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The rules of ”basic hygiene”

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Monitoring doesn’t mean surveillance

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Humanity is rushing to embrace the digital economy, which is promising our society complete digitisation and all sorts of benefits. But even the new digital world won't be able to do without a) top managers and b) their subordinates (here we are going to talk about system administrators). And yet, no matter how obvious and trite the point may seem, malware will persist, too, and so will infection incidents and (unsurprisingly) anti-viruses. How are all these attributes of the upcoming digital era related to each other? Well, the relationship is complex and somewhat dangerous!

Mistakes made by companies when establishing an information security system can result in:

  • Money and data being stolen by robots and the company’s own devices, or their employee’s personal devices that are also used for work;
  • Malware outbreaks in multiple corporate infrastructures;
  • The corporate infrastructure being used for illegal activities, including terrorism;
  • Attacks on critical infrastructure elements;
  • Unreliable authentication routines being exploited by scammers to compromise business communications.

This is not a complete list, and items will surely be added to it in the future. Why are we bringing all this up?

The WannaCry and NotPetya outbreaks are already stale, but we can't find better examples to illustrate our point.

System administrators understand that centralised control over anti-virus software can prevent users from changing its settings.

Trojan.Encoder.12544 uses Mimikatz and two other methods to acquire the list of local and domain users accessing an infected machine.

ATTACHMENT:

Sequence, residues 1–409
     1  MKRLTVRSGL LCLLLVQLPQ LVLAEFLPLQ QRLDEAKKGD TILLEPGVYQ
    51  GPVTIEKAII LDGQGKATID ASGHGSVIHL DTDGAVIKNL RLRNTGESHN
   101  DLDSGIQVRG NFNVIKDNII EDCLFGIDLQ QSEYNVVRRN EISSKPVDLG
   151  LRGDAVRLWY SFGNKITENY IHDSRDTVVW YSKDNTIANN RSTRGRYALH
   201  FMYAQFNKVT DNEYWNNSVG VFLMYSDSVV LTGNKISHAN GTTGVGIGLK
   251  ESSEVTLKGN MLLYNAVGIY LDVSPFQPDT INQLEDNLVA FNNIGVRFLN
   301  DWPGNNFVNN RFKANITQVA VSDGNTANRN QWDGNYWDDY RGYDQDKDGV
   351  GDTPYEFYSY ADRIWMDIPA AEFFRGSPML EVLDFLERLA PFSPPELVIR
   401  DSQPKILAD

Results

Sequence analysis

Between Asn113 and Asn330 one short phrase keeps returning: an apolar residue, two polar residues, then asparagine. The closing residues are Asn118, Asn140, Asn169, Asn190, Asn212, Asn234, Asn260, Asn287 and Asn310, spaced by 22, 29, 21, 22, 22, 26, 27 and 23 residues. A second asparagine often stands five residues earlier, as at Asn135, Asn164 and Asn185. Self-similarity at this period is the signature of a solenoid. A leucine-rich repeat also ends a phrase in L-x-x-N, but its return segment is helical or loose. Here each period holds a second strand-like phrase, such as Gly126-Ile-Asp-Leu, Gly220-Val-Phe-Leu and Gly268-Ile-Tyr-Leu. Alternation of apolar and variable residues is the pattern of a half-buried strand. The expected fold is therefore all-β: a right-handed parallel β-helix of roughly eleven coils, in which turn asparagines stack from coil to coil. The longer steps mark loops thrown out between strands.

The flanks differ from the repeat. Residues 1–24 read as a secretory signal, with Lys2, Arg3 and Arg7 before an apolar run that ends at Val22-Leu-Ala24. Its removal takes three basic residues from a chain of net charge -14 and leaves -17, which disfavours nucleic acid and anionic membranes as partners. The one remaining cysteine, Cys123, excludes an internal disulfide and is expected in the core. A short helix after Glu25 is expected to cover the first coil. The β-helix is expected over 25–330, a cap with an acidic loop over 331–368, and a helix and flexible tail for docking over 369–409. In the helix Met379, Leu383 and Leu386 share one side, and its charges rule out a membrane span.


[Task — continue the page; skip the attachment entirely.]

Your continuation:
Then it looks for shared folders in which it will have the write permission and then uses the acquired credentials to save its copies in the folders.

That's NotPetya. The one that managed to spread across so many corporate networks because system administrators disabled anti-virus software on the computers with their own hands to make sure that it wouldn't interfere with MeDoc's operation—a recommendation received from the very developers of the ill-fated application. We are confident that in many cases the administrators didn't notify their superiors that they were going to pull the plug on the anti-virus. And undoubtedly, many top managers never learnt why their businesses suffered from some Petya. The secret was never revealed.

#corporate_security #Dr.Web_settings

Dr.Web recommends

The outbreak could have been prevented.

The Dr.Web Control Center doesn't just administer anti-virus software remotely. It can also control what applications are being installed on the hosts (by the way, here is a brief PDF guide on how to accomplish this) and notify administrators about important anti-virus security events.

Monitoring does not mean surveillance

An IT security chief can't monitor all of their subordinates' actions (otherwise, why would they need to employ all those people?), but they should always be able to check what's going on in their corporate network. And the sooner they get notified about incidents, the better. To accomplish this, Dr.Web Enterprise Security Suite provides statistics (as well as notifications and the option for integration with other security systems, although a company’s leadership can easily keep track of important events).


Here, for example, the first entry indicates that a user has disabled the resident anti-virus protection. Are they permitted to do that? Let's ask the system administrator!

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